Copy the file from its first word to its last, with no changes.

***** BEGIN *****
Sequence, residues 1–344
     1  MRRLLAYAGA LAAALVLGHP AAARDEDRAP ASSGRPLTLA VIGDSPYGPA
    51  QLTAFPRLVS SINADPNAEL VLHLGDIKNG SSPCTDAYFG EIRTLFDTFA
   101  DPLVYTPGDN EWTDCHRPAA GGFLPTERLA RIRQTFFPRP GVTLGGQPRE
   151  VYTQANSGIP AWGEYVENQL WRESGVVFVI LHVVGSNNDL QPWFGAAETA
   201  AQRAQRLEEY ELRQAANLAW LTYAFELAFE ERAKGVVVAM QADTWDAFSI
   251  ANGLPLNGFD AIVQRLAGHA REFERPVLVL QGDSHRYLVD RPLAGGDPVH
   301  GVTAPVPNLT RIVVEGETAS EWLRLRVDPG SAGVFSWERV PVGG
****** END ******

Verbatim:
Sequence, residues 1–344
     1  MRRLLAYAGA LAAALVLGHP AAARDEDRAP ASSGRPLTLA VIGDSPYGPA
    51  QLTAFPRLVS SINADPNAEL VLHLGDIKNG SSPCTDAYFG EIRTLFDTFA
   101  DPLVYTPGDN EWTDCHRPAA GGFLPTERLA RIRQTFFPRP GVTLGGQPRE
   151  VYTQANSGIP AWGEYVENQL WRESGVVFVI LHVVGSNNDL QPWFGAAETA
   201  AQRAQRLEEY ELRQAANLAW LTYAFELAFE ERAKGVVVAM QADTWDAFSI
   251  ANGLPLNGFD AIVQRLAGHA REFERPVLVL QGDSHRYLVD RPLAGGDPVH
   301  GVTAPVPNLT RIVVEGETAS EWLRLRVDPG SAGVFSWERV PVGG